“Defend Free Speech in Canada – The Case of Mark Steyn” has almost 1,000 members. Its creator writes that he started the group “to raise awareness about the chilling effects on free speech the human rights complaints against author and columnist Mark Steyn will have.”
“Support Free Speech; Support Ezra Levant” has over 1,100 members of its own. Its administrator established the group to not only defend Levant, but also to “reinforce the idea that [Canada is] a country that supports the freedom of speech, freedom of thought and freedom of expression.”
Facebook’s official stance has been somewhat mixed. Its policy on the creation of potentially slanderous groups comes across as airtight, at least at first.
“Note: groups that attack a specific person or group of people (e.g. racist, sexist, or other hate groups) will not be tolerated. Creating such a group will result in immediate termination of your Facebook account.”
The website offers a “report” feature that lets users flag inflammatory material but Facebook has proven slow to react to these reports and even slower to delete said material. Thousands of groups that violate the company’s terms litter its site, popping up at a rate that makes them difficult to sufficiently police.
While professional media watchdogs, such as the liberal Media Matters or the conservative Media Research Center, must choose their words carefully because they can be held accountable for them, the same simply isn’t true of Facebook advocates. The harshest penalty for most of these individuals is having their account temporarily deactivated. As a result, Facebook has become a haven for anti-journalism and anti-journalist attacks that are arguably, and ironically, offensive.
But is anyone taking these groups seriously? Not so much at the moment.
With blogs, there was a feeling-out period that lasted for several years. While they were read as early as the mid-1990s, blogs weren’t particularly well-respected at the time. Early variations tended to be either glorified rants or public diaries.
It wasn’t until 2002 that blogs gained even an ounce of respect as a means of advocacy journalism. On December 5 of that year, then Senate Majority Leader Trent Lott attended a party honoring former presidential candidate, Strom Thurmond. Lott told those in attendance that if Thurmond, who was a strong supporter of racial segregation, had been elected president, the United States “wouldn’t have had all these problems over the years.”
Bloggers, offended not only by Lott’s comments but also by the mainstream media’s unwillingness to run with the story, let their feelings be known. The advocates forced Lott to resign two weeks later. While the Killian documents brought blogging to the spotlight for many, it was the Lott incident that opened the door in the first place.
Facebook groups need a similar rallying point. Too many represent what blogging did in its early stages: journalism run amok.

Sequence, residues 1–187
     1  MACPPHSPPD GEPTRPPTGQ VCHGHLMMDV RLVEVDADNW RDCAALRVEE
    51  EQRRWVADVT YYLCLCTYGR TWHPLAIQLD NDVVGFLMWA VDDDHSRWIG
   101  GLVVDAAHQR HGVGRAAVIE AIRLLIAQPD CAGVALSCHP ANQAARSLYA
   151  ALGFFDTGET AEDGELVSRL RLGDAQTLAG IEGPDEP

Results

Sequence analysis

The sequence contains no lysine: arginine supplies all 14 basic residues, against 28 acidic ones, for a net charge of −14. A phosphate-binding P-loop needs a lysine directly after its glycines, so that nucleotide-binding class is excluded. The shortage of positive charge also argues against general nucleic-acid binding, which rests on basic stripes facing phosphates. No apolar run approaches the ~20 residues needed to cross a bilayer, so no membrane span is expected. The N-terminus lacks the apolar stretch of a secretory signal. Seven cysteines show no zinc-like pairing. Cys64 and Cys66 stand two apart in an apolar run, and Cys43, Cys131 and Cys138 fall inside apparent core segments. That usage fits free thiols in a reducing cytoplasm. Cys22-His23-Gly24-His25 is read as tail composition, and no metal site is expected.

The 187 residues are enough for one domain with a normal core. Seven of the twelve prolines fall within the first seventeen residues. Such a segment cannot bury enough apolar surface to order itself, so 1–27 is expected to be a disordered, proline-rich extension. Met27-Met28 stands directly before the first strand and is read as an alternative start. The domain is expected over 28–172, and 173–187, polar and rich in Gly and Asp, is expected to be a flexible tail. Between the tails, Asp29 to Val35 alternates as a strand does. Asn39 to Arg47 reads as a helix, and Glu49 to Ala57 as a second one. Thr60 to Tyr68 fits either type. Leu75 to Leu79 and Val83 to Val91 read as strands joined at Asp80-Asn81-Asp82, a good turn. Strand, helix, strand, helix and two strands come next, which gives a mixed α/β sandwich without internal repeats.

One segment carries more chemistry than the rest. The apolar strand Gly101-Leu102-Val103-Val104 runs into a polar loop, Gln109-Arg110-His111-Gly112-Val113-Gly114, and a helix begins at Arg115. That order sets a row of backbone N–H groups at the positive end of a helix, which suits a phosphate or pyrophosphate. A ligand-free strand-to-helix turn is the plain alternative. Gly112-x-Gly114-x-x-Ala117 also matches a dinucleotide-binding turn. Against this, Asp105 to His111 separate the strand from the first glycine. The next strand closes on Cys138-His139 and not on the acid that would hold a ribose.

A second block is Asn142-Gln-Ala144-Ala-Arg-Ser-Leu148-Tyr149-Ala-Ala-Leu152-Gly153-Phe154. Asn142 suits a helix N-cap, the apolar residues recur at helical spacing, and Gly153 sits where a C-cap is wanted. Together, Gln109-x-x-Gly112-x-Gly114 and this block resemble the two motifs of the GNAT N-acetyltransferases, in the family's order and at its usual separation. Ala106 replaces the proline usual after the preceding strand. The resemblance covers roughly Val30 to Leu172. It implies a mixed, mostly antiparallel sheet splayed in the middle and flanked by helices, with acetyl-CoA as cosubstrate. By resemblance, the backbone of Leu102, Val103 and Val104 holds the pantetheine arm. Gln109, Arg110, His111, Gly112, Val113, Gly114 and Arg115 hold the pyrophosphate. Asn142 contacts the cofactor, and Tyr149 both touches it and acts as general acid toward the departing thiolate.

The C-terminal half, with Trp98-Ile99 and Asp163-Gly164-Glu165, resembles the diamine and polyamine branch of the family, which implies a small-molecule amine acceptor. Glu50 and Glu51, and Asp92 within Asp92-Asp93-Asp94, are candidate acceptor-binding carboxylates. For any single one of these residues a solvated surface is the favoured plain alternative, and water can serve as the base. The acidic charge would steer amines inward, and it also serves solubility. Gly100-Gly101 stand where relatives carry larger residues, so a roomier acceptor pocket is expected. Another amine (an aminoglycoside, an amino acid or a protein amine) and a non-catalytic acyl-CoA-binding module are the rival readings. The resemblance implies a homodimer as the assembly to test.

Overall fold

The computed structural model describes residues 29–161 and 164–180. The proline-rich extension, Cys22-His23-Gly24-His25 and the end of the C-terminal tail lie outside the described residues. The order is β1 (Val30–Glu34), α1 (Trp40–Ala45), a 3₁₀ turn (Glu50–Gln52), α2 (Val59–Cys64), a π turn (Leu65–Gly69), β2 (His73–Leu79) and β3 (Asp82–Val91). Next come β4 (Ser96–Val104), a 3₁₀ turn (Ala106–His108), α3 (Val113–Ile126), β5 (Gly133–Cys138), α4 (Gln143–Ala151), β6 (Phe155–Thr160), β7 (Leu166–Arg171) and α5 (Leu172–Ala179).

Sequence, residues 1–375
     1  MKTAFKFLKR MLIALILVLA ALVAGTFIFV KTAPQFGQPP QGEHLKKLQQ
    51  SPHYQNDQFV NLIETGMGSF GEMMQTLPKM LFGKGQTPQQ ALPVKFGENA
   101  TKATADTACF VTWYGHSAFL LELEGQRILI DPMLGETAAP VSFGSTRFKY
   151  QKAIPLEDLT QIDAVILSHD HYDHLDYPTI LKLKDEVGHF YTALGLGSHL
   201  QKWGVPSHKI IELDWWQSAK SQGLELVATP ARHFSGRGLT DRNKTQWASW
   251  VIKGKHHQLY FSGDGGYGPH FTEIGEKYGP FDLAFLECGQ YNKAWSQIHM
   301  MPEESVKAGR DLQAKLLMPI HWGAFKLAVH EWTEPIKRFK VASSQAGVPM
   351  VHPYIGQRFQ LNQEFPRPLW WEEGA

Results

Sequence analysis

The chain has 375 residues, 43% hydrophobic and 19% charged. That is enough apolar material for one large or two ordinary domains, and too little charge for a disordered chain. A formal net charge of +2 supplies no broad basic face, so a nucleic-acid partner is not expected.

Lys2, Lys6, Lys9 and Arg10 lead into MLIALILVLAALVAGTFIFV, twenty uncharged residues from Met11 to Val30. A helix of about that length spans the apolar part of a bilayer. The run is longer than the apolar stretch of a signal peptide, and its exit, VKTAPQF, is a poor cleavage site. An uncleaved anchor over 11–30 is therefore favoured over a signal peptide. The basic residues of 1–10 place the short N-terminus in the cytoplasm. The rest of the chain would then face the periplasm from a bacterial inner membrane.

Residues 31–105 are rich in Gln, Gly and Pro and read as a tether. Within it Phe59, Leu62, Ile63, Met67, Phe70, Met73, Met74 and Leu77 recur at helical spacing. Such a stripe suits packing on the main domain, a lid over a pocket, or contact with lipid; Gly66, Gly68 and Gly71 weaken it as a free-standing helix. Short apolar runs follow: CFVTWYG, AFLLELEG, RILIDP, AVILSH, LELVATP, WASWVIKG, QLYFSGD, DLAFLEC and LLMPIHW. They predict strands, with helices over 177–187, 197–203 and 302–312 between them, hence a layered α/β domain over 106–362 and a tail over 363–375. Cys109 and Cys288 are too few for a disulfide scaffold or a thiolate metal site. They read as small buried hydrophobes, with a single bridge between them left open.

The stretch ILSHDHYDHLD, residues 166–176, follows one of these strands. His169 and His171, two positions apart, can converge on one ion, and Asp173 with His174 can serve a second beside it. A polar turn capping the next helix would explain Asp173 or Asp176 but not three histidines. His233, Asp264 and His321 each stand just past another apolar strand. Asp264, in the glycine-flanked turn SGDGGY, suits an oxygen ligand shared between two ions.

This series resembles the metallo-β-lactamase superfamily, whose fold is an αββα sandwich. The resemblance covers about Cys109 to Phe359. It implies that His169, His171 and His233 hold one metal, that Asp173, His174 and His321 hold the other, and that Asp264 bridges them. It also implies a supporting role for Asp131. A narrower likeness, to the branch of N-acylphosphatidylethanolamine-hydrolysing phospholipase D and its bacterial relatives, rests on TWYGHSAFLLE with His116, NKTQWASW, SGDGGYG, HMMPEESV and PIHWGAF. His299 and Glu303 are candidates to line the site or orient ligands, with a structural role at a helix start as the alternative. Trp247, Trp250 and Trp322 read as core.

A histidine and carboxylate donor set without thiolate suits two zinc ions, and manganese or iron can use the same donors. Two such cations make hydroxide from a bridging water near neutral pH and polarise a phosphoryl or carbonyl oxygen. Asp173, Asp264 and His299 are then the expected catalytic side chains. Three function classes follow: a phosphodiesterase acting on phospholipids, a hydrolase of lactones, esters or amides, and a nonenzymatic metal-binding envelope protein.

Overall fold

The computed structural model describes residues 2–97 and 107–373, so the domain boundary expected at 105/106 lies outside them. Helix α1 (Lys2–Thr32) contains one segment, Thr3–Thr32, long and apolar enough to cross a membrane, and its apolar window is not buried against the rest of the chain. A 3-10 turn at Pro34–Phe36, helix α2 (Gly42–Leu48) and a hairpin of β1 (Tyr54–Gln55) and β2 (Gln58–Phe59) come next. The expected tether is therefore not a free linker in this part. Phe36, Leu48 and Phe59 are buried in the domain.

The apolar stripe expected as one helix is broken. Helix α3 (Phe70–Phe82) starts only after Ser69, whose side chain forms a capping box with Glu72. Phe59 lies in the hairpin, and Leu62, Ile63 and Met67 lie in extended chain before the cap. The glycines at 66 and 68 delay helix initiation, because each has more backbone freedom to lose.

In 2000, Sue Careless, a member of the Canadian Association of Journalists and a supporter of advocacy journalism, was invited to speak at the CAJ’s panel in Halifax. Careless supplied a set of rules for advocacy journalists to follow. Among her most important were:
1) “If you only spout slogans and cliches, and rant and rave, then you are not doing honest journalism. You need to articulate complex issues clearly and carefully.”
2) “Can a journalist have a declared bias and still practice journalism in a professional manner? Yes. In fact you may be seen as even more credible if your perspective is acknowledged up front.”
3) “A journalist writing for the advocacy press should practice the same skills as any journalist. You don’t fabricate or falsify.”
4) “If you are covering a protest and a demonstrator hits a police officer or shouts profanities, you are obliged as a journalist to report those facts, embarrassing though they may be to a cause you personally support.”
5) “A good journalist must play devil’s advocate. You must argue against your own convictions. In an interview, you still have to ask the hard questions of possible heroes, the tough questions even of the people you admire.”
Most of us are able to immediately identify a blog that meets these five tenets. But a Facebook group? It’s not quite as easy.
While Facebook advocacy can be a response to offensive journalism, it cannot yet be identified as advocacy journalism. The groups and the messages just aren’t refined enough. Too many are about settling scores rather than providing the relevant facts. Given the ease with which Facebook allows its members to create these groups, it might be quite some time before this is no longer the case.
And that might actually be to the benefit of journalists everywhere. As long as these groups continue to make their points through insults and irrationality, journalists will not have to ask the tough questions on why the groups are being established in the first place. Whether or not the disputed works are truly offensive remains an issue for another day because Facebook has yet to prove itself as worthy of such discussion.